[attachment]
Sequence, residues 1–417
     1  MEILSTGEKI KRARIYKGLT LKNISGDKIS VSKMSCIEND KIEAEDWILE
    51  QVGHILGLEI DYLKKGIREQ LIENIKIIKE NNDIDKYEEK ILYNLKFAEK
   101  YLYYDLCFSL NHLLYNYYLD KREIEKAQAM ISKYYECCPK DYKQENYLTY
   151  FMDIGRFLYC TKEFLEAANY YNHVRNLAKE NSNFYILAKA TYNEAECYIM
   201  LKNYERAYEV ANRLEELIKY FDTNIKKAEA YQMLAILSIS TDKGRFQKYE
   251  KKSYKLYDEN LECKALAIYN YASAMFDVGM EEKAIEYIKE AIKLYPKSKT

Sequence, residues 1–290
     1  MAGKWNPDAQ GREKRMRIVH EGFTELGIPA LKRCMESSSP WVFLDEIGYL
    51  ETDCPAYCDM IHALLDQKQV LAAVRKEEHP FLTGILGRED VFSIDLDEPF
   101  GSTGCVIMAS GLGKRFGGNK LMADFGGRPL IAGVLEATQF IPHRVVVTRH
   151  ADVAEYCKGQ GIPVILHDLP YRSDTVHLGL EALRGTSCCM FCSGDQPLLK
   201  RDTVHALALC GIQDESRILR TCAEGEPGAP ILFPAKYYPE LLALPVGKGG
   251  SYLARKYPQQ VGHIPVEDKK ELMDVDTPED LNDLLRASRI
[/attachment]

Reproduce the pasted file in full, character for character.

Sequence, residues 1–417
     1  MEILSTGEKI KRARIYKGLT LKNISGDKIS VSKMSCIEND KIEAEDWILE
    51  QVGHILGLEI DYLKKGIREQ LIENIKIIKE NNDIDKYEEK ILYNLKFAEK
   101  YLYYDLCFSL NHLLYNYYLD KREIEKAQAM ISKYYECCPK DYKQENYLTY
   151  FMDIGRFLYC TKEFLEAANY YNHVRNLAKE NSNFYILAKA TYNEAECYIM
   201  LKNYERAYEV ANRLEELIKY FDTNIKKAEA YQMLAILSIS TDKGRFQKYE
   251  KKSYKLYDEN LECKALAIYN YASAMFDVGM EEKAIEYIKE AIKLYPKSKT

Sequence, residues 1–290
     1  MAGKWNPDAQ GREKRMRIVH EGFTELGIPA LKRCMESSSP WVFLDEIGYL
    51  ETDCPAYCDM IHALLDQKQV LAAVRKEEHP FLTGILGRED VFSIDLDEPF
   101  GSTGCVIMAS GLGKRFGGNK LMADFGGRPL IAGVLEATQF IPHRVVVTRH
   151  ADVAEYCKGQ GIPVILHDLP YRSDTVHLGL EALRGTSCCM FCSGDQPLLK
   201  RDTVHALALC GIQDESRILR TCAEGEPGAP ILFPAKYYPE LLALPVGKGG
   251  SYLARKYPQQ VGHIPVEDKK ELMDVDTPED LNDLLRASRI